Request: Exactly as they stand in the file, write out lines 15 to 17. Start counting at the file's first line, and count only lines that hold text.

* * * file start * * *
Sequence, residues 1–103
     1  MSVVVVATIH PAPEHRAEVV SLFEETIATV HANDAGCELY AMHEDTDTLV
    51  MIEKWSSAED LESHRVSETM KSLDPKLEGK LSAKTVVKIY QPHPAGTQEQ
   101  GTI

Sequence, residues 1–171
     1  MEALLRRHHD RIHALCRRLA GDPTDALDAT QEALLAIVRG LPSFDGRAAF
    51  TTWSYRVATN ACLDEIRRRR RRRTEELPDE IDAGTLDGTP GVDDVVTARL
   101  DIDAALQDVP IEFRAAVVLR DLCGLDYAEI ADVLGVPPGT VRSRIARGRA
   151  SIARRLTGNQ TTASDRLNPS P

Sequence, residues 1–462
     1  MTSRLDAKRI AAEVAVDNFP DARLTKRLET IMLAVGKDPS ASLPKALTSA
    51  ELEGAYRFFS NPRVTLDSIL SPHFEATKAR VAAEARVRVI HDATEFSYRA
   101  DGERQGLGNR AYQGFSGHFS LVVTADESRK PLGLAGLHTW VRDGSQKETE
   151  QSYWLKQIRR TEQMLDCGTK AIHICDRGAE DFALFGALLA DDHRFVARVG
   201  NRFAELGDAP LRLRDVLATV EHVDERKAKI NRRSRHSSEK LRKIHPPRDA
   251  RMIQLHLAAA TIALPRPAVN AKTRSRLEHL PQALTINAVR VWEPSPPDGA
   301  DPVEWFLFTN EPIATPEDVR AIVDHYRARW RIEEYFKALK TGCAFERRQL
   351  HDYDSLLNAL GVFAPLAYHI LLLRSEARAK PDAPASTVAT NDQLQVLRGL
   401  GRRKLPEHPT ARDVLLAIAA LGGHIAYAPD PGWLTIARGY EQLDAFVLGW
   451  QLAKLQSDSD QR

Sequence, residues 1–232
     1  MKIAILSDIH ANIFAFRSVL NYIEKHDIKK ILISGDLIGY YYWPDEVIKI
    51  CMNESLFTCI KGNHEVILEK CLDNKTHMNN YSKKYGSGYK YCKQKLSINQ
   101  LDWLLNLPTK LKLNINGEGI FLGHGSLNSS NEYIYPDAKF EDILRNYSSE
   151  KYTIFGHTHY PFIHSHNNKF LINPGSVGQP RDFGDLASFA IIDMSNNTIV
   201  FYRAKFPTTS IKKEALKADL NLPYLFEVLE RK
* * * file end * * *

   201  NRFAELGDAP LRLRDVLATV EHVDERKAKI NRRSRHSSEK LRKIHPPRDA
   251  RMIQLHLAAA TIALPRPAVN AKTRSRLEHL PQALTINAVR VWEPSPPDGA
   301  DPVEWFLFTN EPIATPEDVR AIVDHYRARW RIEEYFKALK TGCAFERRQL